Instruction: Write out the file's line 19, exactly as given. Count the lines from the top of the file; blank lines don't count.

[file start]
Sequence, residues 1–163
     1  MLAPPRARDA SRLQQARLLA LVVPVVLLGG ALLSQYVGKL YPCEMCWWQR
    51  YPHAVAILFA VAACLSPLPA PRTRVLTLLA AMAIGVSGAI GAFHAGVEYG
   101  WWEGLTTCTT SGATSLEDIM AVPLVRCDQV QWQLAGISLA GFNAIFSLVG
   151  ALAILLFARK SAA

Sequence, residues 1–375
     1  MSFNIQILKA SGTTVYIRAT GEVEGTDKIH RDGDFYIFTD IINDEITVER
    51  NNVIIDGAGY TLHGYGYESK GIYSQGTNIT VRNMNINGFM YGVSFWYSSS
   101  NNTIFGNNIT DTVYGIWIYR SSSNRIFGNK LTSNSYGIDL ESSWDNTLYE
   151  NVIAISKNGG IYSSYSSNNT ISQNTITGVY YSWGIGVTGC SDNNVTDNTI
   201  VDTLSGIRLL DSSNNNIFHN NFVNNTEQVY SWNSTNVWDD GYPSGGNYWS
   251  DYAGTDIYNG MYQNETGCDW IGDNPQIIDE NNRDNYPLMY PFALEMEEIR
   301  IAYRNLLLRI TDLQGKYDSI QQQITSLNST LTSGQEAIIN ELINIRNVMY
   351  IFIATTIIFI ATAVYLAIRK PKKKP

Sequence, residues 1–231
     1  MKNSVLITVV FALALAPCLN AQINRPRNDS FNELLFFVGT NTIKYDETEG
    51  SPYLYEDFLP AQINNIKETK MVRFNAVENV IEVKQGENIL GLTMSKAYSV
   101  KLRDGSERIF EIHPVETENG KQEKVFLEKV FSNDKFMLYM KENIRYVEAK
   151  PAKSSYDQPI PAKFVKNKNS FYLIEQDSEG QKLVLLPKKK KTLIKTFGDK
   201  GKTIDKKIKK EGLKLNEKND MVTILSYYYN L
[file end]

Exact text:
   151  PAKSSYDQPI PAKFVKNKNS FYLIEQDSEG QKLVLLPKKK KTLIKTFGDK